You can train your phone to "remember" words if you type them repeatedly, but this tutorial will teach you a better way to train your iPhone to learn new words on the fly.
The iPhone has three cool sensors. First, it has an accelerometer that detects when you’ve rotated the iPhone into landscape orientation. In programs like Photos, Safari, and iPod, it triggers the screen image to rotate as well.
Camouflaged behind the black glass where you can’t see them except with a bright flashlight are two more sensors: a proximity sensor that shuts off the screen illumination and touch sensitivity when the phone is against your head (it works only in the Phone application), and an ambient-light sensor that brightens the display when you’re in sunlight and dims it in darker places.
Apple says that it experimented with having the light sensor active all the time, but it was weird to have the screen get brighter and darker all the time. So the sensor now samples the ambient light, and adjusts the brightness; it does this only once-each time you unlock the phone after waking it.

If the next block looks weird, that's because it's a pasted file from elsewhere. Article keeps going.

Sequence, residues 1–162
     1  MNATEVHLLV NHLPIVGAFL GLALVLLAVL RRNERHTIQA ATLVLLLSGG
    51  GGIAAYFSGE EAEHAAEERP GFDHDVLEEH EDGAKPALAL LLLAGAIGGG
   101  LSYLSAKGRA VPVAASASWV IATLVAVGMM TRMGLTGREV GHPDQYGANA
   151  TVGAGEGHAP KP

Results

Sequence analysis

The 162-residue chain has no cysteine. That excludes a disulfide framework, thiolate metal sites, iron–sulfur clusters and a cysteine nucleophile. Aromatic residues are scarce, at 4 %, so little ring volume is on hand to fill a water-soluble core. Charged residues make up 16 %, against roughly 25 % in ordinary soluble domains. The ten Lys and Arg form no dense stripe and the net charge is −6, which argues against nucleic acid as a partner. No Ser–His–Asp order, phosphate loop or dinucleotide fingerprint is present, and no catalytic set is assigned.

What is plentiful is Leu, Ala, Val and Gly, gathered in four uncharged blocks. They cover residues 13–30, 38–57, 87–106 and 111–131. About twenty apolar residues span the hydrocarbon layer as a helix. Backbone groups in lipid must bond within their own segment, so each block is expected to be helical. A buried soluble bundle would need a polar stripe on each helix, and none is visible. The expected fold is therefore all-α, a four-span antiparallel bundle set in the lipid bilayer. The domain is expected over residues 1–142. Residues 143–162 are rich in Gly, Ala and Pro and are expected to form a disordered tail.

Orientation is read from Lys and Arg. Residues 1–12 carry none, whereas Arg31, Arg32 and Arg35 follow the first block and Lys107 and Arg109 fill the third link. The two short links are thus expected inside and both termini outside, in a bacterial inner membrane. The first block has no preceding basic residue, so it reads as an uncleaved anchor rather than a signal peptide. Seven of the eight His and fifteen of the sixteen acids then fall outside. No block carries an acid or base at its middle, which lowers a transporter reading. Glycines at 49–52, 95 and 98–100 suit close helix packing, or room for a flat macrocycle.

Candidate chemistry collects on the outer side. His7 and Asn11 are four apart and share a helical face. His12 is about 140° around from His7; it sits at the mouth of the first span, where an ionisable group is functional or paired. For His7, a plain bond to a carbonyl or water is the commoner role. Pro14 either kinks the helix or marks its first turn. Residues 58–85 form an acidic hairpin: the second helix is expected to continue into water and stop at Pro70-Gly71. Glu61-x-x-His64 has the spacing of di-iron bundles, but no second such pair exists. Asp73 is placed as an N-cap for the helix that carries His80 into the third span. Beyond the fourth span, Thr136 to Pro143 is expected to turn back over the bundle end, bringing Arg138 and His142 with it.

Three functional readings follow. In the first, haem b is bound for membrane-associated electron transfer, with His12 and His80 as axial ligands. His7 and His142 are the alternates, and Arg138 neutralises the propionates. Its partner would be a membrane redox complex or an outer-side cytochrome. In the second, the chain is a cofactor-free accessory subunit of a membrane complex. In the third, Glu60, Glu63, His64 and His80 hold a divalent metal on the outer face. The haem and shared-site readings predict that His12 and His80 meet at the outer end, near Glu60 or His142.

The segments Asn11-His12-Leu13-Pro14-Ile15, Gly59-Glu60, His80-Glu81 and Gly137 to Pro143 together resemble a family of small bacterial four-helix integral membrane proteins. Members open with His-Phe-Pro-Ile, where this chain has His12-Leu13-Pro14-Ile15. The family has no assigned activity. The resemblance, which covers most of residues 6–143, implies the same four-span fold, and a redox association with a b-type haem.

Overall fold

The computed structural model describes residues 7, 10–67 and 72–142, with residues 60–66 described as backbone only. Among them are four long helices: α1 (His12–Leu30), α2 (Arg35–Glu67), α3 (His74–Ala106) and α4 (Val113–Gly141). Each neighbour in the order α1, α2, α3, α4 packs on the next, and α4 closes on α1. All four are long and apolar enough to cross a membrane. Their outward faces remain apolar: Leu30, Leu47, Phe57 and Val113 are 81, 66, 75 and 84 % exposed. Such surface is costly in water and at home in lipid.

You can use that tip to your advantage. By covering up the sensor (just above the earpiece) as you unlock the phone, you force it to a low-power, dim screen-brightness setting (because the phone believes that it’s in a dark room). Or by holding it up to a light as you wake it, you get full brightness. In both cases, you’ve saved all the taps and navigation it would have taken you to find the manual brightness slider in Settings.
You can get on the internet DURING a call! You can only do this if you’re connected to a Wi-Fi network (it won’t work via edge), just hit the "Home" key and click on Safari. Now you’re surfing while talking! The person on the other end can’t hear the keyboard clicks either!
Browse to the contact and tap edit.
Tap on the photo.
Tap edit photo.
After it opens in fullscreen, tap set photo and save the contact.
The iPod module on the iPhone starts out with buttons along the bottom for summoning four lists: Playlists, Artists, Songs, and Videos.
What about Albums, Genres and Composers?